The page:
About 1700 sarais were constructed on both sides of the roads. Each sarai had separate rooms for the Hindus and the Muslims and had a well and a mosque. Sarais also served as Dak Chaukis. In view of the special significance of these sarais, they were called as “veritable arteries of the empire.”
Sher Shah constructed a network of roads connecting important parts of his empire within his capital. He repaired old roads. Two horses were kept at every sarai so that the news-carriers could get fresh horses at short intervals to maintain speed.
Sher Shah was very particular about the welfare of the peasants. He used to say, “If I oppress them they will abandon their villages and the country will be mined and deserted.” By his shrewd capacity for organizing, unique forethought and intimate knowledge of administration, he made necessary arrangements for smooth and efficient administration and controlling the coveted empire.
Encouragement to Trade and Industry
Sher Shah took every care for encouraging trade and industry. In those times, the worst obstacle in the movement of goods from one place to another was the levying of transit duties on goods by all those who were stronger enough to collect them. He abolished this levy entirely except a few places.
Free movement of goods needed good roads. Sher Shah repaired old roads and opened new roadways so that Agra, the capital, stood connected with Bengal on one side, and Rohtas on another, Burhanpur on the third side and Ajmer on the fourth. A fifth road connected Lahore with Multan.
Serais or rest houses dotted all along the highways constructed by Sher Shah. The serais were enclosed buildings with Chowkidars. Here goods could be stored; and men and mounts found shelter and provision. Safety of life and goods was assured. Every important serai was even provided with a separate lodge for the king and aristocratic people.
Hence, trade and commerce benefitted greatly, as Sher Shah rigorously enforced the responsibility of keeping peace and order on every locality itself.
The coins and currency reforms of Sher Shah Suri were one of his most outstanding achievements. He found on his accession that the currency system had practically broken down. There was the debasement of the current coins and the absence of a fixed ratio between the coins and various metals.
He took steps to issue a large number of new silver coins which subsequently became known as ‘dam’. Both the silver rupee and copper dam had their halves, quarters, eighths and sixteenths. Next, he abolished all old and mixed metal currency coins. He fixed a rate between the copper and silver coins. His silver rupee coins weighed 180 grains, of which 175 grains were pure silver. This rupee, minus its inscription, lasted throughout the Mughal period and was retained by the English East India Company up to 1835.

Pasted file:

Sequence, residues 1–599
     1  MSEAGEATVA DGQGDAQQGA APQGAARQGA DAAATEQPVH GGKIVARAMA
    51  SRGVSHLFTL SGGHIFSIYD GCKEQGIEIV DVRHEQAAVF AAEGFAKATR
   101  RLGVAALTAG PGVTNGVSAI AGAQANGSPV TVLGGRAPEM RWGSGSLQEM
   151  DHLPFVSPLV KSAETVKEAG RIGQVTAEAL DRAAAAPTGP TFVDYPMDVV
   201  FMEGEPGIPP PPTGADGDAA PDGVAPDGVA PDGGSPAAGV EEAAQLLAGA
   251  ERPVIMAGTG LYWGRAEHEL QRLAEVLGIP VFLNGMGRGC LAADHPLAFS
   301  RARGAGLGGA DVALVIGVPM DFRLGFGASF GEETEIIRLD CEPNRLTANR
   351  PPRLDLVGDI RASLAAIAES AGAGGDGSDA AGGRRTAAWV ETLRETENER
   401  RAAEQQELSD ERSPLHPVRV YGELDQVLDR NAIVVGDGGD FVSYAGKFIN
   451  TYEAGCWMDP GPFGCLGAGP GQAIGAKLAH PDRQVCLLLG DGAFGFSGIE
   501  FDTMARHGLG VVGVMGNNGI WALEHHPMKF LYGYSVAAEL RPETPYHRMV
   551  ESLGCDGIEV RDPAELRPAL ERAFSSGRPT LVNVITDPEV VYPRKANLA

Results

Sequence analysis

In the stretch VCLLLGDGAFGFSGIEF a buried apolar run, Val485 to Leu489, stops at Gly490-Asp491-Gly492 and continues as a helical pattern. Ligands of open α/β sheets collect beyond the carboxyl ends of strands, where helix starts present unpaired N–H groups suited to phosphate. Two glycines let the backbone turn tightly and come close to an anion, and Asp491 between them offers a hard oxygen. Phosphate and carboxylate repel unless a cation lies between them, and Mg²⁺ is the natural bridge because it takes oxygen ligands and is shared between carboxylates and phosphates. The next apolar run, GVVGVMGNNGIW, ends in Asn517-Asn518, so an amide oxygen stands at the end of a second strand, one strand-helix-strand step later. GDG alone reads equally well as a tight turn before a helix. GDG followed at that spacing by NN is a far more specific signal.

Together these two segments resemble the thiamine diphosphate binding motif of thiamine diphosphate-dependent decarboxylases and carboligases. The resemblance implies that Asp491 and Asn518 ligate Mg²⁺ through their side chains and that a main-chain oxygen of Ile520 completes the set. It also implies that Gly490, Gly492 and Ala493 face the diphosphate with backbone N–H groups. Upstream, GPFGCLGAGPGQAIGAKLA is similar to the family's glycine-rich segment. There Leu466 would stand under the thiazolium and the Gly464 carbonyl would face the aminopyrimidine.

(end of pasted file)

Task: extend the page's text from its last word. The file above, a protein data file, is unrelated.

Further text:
Sher Shah’s name and title and place of mint were invariably inscribed on the coins in Arabic characters.
Some of his coins bore his name in Devanagari script and some had the names of first four Khalifas in addition. Gold coins of pure metal of various weights, such as 166.4 grains, 167 grains and 168.5 grains, were executed. The ratio of exchange between the dam and the rupee was 64 to 1. The ratios between the various gold coins and the silver ones were fixed on a permanent basis.
The currency reforms of Sher Shah Suri proved very useful and did away with a great deal of inconvenience which was experienced by the general public and particularly by the trading community. These reforms have elicited high praise from modern numismatists.
Causes for the Downfall of the Sur Empire
Sher Shah died in 1545 by a gunpowder explosion and left his kingdom to his two sons and grandsons. Unfortunately, his successors were incompetent and succumbed to old Afghan rivalries. This resulted in the downfall of the Suri Dynasty.
Sher Shah died during the siege of Kalinjar in May 1545, and was succeeded by his son Islam Shah who ruled from 1545–53.
Islam Shah, preeminently a soldier, was less successful as a ruler than his father. Palace intrigues and insurrections marred his reign. On his death his young son, Fīrūz, came to the Sūr throne but was murdered by his own maternal uncle, and subsequently the empire fractured into several parts.
Eventually, the squabbling for succession among Shir Shah’s followers allowed Humayun and the Mughals to return to power in 1555.
Iran’s Shah Tahmasb (1524-76) had provided Humayun with the necessary troops to recapture Kandahar, and then Kabul. But less than a year after regaining power, Humayun died unexpectedly at the age of 48 when he fell down the steps of his library in his haste to obey the muezzin’s call to prayer.